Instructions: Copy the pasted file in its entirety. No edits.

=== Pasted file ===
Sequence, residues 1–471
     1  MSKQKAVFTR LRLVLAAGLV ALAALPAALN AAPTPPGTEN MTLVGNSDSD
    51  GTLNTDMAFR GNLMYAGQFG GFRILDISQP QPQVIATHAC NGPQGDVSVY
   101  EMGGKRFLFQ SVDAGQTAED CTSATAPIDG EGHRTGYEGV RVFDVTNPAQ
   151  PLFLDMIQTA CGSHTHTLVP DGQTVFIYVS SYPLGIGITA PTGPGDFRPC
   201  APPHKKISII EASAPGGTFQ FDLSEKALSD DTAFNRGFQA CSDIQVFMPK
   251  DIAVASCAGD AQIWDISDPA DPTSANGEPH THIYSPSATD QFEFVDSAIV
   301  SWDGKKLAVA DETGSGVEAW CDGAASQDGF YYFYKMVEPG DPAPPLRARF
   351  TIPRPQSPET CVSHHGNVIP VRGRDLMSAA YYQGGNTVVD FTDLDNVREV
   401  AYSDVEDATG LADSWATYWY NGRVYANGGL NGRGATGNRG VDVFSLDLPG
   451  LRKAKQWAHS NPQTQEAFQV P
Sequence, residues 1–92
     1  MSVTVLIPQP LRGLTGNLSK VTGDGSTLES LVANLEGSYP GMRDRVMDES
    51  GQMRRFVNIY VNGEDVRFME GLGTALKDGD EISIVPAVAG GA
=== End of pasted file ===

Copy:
Sequence, residues 1–471
     1  MSKQKAVFTR LRLVLAAGLV ALAALPAALN AAPTPPGTEN MTLVGNSDSD
    51  GTLNTDMAFR GNLMYAGQFG GFRILDISQP QPQVIATHAC NGPQGDVSVY
   101  EMGGKRFLFQ SVDAGQTAED CTSATAPIDG EGHRTGYEGV RVFDVTNPAQ
   151  PLFLDMIQTA CGSHTHTLVP DGQTVFIYVS SYPLGIGITA PTGPGDFRPC
   201  APPHKKISII EASAPGGTFQ FDLSEKALSD DTAFNRGFQA CSDIQVFMPK
   251  DIAVASCAGD AQIWDISDPA DPTSANGEPH THIYSPSATD QFEFVDSAIV
   301  SWDGKKLAVA DETGSGVEAW CDGAASQDGF YYFYKMVEPG DPAPPLRARF
   351  TIPRPQSPET CVSHHGNVIP VRGRDLMSAA YYQGGNTVVD FTDLDNVREV
   401  AYSDVEDATG LADSWATYWY NGRVYANGGL NGRGATGNRG VDVFSLDLPG
   451  LRKAKQWAHS NPQTQEAFQV P
Sequence, residues 1–92
     1  MSVTVLIPQP LRGLTGNLSK VTGDGSTLES LVANLEGSYP GMRDRVMDES
    51  GQMRRFVNIY VNGEDVRFME GLGTALKDGD EISIVPAVAG GA